The materials or the literary form of the document are not what you would usually expect in such cases. For example, a will purports to be a formal one drawn up by an attorney, but the paper is ordinary bond. Another example would be a will that uses archaic terminology that contemporary attorneys no longer employ.

For more, see http://www.jjhandwriting.com/

May 20, 2008

Aviation Expert Witnesses & "Open Skies"

Aviation expert witnesses will no doubt be called to testify before Congress regarding “Open Skies” between the United States and European Union.

C. Boyden Gray, the U.S. envoy to the European Commission, said that a lot of work would need to be put into persuading the U.S. Congress not to block the deal amid fears of possible takeovers of U.S. airlines.

"It's going to take a lot of work to persuade our congress that this is something that should be allowed, I don't think it's impossible to do at all but it will take generating public support in the United States and that is do-able but is not easy," Gray said.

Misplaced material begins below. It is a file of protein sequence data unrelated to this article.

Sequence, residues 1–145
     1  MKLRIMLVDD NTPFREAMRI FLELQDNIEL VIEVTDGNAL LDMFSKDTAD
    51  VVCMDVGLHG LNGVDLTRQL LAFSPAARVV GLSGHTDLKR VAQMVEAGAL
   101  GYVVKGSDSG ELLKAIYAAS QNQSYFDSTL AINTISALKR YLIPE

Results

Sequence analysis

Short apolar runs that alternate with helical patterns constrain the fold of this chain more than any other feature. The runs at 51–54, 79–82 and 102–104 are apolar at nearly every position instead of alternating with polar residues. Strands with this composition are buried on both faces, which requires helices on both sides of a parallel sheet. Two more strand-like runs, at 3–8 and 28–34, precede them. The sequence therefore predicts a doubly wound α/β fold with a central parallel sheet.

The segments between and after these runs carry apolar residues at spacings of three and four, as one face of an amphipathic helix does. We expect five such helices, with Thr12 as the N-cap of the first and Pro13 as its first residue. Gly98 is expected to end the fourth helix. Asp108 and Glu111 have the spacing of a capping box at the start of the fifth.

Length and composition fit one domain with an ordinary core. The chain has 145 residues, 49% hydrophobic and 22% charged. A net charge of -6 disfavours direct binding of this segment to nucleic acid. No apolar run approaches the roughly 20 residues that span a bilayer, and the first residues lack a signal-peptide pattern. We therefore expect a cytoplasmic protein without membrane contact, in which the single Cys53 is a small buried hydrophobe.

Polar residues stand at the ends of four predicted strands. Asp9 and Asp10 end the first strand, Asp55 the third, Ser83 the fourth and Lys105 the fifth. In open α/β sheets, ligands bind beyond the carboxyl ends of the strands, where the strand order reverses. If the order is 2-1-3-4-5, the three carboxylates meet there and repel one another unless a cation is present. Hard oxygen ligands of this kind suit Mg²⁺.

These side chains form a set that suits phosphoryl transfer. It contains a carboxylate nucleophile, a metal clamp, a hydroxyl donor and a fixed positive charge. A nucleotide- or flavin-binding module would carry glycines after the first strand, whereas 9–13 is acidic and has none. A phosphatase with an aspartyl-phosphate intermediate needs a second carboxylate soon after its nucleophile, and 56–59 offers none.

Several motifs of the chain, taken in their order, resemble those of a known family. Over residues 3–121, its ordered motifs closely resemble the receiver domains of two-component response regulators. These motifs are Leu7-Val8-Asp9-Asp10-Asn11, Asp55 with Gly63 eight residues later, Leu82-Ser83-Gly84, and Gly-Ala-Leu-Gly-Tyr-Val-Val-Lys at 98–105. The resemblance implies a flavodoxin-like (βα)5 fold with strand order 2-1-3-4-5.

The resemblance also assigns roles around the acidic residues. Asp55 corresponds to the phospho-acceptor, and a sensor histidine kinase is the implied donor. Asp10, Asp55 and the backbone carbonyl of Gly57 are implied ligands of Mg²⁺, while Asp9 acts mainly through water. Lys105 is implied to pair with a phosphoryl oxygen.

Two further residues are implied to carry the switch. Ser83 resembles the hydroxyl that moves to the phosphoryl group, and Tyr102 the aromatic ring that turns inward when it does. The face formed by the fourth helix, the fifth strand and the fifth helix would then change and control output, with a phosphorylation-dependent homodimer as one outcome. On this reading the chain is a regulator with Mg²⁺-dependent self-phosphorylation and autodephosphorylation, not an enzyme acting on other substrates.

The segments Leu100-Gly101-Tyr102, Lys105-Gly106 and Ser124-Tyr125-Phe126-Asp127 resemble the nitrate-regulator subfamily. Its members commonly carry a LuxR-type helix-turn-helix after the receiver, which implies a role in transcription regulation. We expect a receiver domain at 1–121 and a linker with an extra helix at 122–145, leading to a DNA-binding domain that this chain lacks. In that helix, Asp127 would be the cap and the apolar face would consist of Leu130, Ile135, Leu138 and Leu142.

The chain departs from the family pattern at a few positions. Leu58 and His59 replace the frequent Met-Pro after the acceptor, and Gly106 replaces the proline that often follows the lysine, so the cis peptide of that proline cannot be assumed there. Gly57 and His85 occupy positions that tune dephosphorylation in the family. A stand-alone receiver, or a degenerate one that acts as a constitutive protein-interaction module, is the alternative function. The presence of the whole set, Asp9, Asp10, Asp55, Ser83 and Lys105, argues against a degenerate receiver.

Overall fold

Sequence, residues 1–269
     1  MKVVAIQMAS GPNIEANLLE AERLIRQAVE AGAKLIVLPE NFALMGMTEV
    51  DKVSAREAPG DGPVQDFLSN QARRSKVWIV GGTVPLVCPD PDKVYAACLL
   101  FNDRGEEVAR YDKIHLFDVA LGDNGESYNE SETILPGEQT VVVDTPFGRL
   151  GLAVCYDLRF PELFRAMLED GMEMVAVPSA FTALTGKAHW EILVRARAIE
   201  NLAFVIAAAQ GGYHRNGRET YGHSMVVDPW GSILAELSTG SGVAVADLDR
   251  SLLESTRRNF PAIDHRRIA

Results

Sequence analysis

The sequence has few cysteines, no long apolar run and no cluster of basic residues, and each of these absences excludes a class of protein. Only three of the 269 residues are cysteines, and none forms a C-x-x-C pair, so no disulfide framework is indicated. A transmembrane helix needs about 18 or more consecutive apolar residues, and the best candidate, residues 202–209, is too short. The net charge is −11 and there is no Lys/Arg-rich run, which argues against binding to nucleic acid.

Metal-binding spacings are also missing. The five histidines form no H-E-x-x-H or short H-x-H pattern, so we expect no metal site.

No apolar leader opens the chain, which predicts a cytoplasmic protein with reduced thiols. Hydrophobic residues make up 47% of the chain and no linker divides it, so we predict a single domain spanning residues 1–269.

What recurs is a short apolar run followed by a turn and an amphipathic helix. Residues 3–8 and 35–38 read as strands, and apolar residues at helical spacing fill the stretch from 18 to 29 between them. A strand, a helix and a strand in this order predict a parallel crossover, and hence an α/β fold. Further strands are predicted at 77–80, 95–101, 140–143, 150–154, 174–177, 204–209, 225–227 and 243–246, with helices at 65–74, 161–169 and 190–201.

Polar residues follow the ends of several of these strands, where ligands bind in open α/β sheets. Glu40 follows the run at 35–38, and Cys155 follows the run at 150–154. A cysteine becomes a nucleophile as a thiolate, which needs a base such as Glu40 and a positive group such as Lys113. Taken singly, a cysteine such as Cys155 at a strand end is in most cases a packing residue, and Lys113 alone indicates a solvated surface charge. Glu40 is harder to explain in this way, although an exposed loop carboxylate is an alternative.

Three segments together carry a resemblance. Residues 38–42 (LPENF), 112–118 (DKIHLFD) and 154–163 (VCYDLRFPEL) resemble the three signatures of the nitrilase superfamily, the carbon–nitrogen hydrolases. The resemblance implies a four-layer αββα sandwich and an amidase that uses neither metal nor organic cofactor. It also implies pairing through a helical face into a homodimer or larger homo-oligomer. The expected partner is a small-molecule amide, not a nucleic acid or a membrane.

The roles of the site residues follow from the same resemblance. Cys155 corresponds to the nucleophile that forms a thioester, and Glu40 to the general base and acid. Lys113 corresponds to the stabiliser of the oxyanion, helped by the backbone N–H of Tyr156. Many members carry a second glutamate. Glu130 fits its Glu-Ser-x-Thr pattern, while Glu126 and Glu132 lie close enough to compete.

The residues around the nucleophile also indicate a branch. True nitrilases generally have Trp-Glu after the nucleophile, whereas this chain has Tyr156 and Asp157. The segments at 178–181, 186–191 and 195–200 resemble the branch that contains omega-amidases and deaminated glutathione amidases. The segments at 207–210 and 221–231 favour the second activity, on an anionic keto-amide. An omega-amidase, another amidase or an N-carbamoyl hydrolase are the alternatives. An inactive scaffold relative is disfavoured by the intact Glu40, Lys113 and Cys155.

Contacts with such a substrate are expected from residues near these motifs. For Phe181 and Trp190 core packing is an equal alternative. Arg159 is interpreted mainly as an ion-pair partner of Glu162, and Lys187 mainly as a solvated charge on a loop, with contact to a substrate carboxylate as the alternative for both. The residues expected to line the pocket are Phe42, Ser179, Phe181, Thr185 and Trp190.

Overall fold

For more see http://www.reuters.com/

May 19, 2008

Rules For Working With Economics Expert Witnesses - Part 3

In 14 Rules For Working With An Expert Economist, expert witness Dr. Jerome M. Staller offers "rules" to follow that will help your economics expert witness do the best job he or she can for you and your client.

Use your expert to assemble, review and analyze data. Your expert will help you martial your facts and use them to compose an effective narrative. Use your economist to help guide depositions and discovery -- he knows best what you will need to build a credible narrative as far as economic issues.

Develop the theme of the damages case with the expert. A damages argument is the story of differences: what was the plaintiff's economic status before the incident, and what was the plaintiff's economic status after the incident? The jury can best understand these differences if they are presented as a narrative. Your economist can help you frame the theme of this narrative and can supply facts and theories enabling the jury to understand and accept the narrative..


Excerpted from The Center for Forensic Economic Studies http://www.cfes.com/

May 18, 2008

Construction Expert Witness on Common Construction Defects - Part 2

In Common Construction Defects, expert witness Pete Fowler describes how substandard construction during Southern California's 1980s building boom has created a construction defect litigation “industry.” He writes: